Three Strikes for Matraville Incinerator
Local, state, and federal politicians have come together to oppose the planned Matraville incinerator, citing concerns for community health across the eastern suburbs.
The proposed incinerator would be capable of providing both steam and electricity to power the Opal Paper and Recycling Botany Mill.
“If approved, the plant would reduce waste to landfill, lower net CO2 emissions, create local jobs and increase local economic development,” a Suez spokesperson told The Beast.
However, Matt Thistlethwaite, Michael Daley and Danny Said have spoken together supporting the No More Incinerators campaign.
The No More Incinerators Campaign Manager and chemical engineer Chris Hanson said that Suez was not being transparent about the effects of a waste incinerator.
“What they don’t tell you is that some of the emissions contain dioxins which people end up breathing in and these and other persistent organic pollutants or POPs will be released 24 hours a day, 365 days a year,” Mr Hanson told The Beast.
Dioxins have been linked to cancer and birth defects, as well as being found in breast milk and chicken eggs overseas in places where waste to energy incinerators are more common.
The campaign aims to get a groundswell of support from the community to stop the incinerator from being built less than 130m away from Eastern Suburbs homes.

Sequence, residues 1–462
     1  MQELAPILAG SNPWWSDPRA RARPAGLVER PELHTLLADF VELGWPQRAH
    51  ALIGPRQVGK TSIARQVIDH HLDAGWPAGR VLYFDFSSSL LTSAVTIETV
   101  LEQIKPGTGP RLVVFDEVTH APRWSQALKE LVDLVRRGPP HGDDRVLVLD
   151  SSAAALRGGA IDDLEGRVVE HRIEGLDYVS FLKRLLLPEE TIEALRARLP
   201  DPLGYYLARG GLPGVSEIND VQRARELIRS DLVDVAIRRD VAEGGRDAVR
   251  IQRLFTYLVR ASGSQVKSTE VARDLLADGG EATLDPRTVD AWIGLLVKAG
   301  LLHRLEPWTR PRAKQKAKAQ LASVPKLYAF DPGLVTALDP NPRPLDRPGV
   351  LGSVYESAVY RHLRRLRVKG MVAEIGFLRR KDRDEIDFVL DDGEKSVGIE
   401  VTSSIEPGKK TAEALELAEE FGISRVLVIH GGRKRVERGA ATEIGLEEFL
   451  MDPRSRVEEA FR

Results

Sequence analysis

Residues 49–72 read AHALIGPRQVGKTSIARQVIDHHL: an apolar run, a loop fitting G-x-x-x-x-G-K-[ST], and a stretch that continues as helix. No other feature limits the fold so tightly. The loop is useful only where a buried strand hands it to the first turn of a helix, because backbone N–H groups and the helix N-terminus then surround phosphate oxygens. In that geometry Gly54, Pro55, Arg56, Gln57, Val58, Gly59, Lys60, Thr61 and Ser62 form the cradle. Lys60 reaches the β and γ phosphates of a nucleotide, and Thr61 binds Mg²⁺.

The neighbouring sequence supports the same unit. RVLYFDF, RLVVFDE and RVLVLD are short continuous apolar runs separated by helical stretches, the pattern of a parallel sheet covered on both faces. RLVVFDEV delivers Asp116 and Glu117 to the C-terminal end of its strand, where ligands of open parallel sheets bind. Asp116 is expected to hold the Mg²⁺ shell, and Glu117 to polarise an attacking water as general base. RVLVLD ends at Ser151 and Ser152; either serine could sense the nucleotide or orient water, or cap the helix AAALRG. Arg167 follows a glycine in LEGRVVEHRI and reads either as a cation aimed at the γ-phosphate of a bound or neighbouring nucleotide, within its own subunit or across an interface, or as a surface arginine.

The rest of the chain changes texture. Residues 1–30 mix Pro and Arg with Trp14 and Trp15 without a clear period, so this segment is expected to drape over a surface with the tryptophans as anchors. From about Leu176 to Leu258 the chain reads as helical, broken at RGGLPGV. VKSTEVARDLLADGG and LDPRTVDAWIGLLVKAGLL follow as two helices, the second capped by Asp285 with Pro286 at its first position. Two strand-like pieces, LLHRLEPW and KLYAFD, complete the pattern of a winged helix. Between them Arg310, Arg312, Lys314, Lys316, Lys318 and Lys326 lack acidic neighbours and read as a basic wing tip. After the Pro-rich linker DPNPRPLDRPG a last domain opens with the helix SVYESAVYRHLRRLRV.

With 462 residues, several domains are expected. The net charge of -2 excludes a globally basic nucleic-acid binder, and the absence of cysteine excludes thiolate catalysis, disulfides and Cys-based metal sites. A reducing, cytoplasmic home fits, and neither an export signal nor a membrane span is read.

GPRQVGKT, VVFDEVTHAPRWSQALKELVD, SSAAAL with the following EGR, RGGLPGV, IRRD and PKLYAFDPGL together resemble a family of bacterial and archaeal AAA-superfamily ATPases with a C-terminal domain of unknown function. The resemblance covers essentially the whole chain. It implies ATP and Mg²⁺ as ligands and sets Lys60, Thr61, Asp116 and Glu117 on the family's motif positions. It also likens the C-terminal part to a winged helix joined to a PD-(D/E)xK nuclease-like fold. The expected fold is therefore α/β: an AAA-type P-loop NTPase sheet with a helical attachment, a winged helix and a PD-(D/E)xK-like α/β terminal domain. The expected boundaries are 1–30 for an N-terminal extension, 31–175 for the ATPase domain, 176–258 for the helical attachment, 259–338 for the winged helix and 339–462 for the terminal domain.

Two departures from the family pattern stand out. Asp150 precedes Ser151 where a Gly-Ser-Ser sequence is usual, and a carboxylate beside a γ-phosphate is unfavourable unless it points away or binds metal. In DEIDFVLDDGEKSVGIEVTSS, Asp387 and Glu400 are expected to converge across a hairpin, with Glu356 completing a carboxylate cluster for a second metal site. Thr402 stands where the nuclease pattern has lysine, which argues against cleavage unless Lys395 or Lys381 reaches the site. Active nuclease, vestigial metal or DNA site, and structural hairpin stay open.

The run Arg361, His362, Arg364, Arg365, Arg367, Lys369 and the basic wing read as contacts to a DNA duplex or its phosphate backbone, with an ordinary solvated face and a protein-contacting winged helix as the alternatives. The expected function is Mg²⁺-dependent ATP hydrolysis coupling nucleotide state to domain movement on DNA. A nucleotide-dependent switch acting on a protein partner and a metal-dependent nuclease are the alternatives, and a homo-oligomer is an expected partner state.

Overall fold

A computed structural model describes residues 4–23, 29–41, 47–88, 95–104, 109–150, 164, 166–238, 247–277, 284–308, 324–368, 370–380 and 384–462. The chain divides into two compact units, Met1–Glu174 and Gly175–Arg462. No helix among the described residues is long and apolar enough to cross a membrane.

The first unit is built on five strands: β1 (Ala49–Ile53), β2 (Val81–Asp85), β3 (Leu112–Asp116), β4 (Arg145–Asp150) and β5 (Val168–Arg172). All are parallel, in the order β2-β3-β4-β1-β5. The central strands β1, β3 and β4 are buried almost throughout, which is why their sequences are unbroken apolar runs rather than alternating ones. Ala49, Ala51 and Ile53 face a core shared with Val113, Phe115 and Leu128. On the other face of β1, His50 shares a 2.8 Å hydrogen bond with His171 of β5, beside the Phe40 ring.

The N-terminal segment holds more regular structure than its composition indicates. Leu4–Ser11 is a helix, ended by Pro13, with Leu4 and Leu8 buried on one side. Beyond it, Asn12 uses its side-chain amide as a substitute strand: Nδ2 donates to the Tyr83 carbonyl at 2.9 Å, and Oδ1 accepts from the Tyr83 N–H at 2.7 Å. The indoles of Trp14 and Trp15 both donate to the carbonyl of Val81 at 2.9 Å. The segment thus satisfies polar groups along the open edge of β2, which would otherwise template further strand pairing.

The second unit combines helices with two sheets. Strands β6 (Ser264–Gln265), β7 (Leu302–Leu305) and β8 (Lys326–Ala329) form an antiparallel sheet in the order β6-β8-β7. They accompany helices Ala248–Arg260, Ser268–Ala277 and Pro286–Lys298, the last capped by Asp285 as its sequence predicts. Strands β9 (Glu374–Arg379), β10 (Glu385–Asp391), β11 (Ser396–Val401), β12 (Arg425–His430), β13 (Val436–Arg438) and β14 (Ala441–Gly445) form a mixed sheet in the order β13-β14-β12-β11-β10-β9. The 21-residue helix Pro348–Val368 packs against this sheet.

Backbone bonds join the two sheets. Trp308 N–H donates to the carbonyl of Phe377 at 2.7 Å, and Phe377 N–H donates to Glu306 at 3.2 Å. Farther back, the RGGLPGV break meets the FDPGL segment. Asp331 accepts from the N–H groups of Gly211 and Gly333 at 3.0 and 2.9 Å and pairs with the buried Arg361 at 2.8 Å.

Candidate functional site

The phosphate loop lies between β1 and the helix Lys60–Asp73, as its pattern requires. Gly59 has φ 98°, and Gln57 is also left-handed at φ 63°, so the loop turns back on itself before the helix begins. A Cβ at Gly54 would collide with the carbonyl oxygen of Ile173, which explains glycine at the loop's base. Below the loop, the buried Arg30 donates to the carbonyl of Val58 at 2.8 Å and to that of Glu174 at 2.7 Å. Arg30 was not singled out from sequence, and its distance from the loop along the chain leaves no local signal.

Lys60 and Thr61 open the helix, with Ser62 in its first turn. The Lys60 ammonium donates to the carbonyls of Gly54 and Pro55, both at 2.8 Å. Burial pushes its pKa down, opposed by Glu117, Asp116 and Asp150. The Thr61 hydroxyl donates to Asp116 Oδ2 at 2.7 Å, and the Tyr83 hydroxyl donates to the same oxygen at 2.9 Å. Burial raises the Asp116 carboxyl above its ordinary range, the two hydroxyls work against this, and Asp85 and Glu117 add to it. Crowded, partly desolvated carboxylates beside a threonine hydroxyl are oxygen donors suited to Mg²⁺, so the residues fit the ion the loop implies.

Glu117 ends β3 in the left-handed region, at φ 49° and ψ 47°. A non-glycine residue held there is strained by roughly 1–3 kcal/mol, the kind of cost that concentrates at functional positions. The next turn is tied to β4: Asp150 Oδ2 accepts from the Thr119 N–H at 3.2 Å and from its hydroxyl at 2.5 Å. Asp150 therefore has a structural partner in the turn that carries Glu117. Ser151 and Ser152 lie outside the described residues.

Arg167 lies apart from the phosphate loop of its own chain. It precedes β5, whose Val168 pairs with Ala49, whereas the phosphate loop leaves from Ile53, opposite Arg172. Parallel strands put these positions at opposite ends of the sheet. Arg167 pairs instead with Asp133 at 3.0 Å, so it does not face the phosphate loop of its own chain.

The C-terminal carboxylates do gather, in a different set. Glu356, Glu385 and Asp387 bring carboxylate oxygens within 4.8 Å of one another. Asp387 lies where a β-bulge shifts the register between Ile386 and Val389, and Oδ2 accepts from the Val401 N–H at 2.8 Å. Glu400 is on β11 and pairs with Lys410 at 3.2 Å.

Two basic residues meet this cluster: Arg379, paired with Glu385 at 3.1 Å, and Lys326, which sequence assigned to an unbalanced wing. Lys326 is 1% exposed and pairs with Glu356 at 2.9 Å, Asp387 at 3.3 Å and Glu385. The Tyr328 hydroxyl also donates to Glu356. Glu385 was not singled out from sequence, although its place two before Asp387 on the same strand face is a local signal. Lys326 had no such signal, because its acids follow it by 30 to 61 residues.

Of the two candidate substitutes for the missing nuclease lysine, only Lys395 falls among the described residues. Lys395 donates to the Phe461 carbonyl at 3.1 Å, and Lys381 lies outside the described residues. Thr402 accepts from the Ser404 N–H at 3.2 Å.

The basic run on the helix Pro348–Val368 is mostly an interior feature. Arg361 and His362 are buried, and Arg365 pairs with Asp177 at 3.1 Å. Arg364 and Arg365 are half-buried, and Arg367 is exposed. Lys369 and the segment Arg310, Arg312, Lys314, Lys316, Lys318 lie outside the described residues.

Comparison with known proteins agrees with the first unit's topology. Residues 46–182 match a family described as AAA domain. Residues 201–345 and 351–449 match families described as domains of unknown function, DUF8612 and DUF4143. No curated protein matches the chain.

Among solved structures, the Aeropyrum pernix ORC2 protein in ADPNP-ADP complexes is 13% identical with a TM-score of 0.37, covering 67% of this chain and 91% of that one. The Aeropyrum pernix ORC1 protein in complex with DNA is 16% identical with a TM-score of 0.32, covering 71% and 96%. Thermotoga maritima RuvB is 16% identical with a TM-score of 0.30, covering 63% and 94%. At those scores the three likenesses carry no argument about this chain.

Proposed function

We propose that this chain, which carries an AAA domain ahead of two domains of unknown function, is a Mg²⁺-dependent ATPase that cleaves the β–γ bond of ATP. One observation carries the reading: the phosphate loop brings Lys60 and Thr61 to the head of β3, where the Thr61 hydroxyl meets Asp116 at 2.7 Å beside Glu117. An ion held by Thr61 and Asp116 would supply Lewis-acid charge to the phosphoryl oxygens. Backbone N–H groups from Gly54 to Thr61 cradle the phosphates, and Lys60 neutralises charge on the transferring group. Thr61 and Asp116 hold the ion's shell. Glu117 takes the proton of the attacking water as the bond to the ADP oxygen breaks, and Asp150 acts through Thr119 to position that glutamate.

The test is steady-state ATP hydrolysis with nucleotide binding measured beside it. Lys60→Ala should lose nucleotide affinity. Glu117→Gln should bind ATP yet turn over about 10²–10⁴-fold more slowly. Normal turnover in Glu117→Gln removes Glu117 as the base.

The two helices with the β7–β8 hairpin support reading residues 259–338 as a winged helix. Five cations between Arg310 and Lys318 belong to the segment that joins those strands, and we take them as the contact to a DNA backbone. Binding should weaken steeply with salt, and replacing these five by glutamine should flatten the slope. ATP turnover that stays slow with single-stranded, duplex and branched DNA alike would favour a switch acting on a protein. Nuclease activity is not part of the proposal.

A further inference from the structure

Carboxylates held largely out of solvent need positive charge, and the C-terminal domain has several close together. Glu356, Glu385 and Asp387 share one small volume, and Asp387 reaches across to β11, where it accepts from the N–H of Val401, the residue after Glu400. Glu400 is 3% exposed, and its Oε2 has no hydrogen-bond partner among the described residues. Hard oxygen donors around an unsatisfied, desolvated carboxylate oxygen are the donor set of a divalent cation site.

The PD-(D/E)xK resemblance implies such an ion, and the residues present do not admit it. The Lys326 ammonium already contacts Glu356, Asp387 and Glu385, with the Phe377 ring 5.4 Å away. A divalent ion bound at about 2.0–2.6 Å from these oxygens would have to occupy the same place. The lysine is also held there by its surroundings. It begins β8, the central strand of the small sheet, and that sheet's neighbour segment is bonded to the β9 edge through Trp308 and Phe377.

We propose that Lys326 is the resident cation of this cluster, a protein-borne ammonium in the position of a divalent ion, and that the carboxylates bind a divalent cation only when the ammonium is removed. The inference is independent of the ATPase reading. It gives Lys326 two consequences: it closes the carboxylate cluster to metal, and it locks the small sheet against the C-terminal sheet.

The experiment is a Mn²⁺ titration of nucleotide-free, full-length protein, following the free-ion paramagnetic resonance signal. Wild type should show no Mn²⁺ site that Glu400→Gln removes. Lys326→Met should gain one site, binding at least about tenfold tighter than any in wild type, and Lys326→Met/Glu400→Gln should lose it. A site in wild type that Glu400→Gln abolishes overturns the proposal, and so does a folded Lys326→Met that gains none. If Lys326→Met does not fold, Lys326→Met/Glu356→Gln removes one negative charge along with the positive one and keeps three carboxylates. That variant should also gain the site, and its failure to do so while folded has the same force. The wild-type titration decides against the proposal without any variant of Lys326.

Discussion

Suez has also established a Community Reference Group to collect and share information with the local community, however there are concerns that they are not being fully transparent.
“They’re using the same tactics as tobacco companies used to counter health issues being raised about smoking, they’re saying that there’s no evidence that the pollutants being released pose a health hazard, but that’s not what’s being found in Europe,” Mr Hanson said.
State member for Maroubra Michael Daley said that the community was at the front of the three politicians concerns over the incinerators.
“I’m outraged at these plans, it’s just corporate greed chosen over looking after the community,” Mr Daley said.
Mr Hanson said the consequences of the incinerator will reach further than Matraville, particularly with other incinerators planned across Sydney.
“We live in a basin, so if all the planned incinerators go ahead, there won’t be anywhere in Sydney you can go to escape the constant stream of pollutants,” Mr Hanson told The Beast.
While the application has been designated as a “State Significant Development” the No More Incinerators campaigners are willing to go to the Land and Environment Court to stop the Matraville Incinerator.
Another proposed incinerator at Eastern Creek is currently being contested in the land and environment court.
Randwick Mayor Danny Said told the Beast that the issue was close to his heart as his mother lived in view of the stacks in Matraville when she first came to Australia.
“As a kid we would come and play on this street (Australia Avenue) and it was just sand and rubbish, Matraville has come so far since then, let’s not let it go backwards,” he said.
Federal member for Kingsford-Smith, Matt Thistlethwaite, encouraged the community to make their opinions on the incinerator known.
“Don’t think that others will fight for you, when the time comes, I urge you to make submissions and to speak up about the health of your community,” Mr Thistlethwaite said.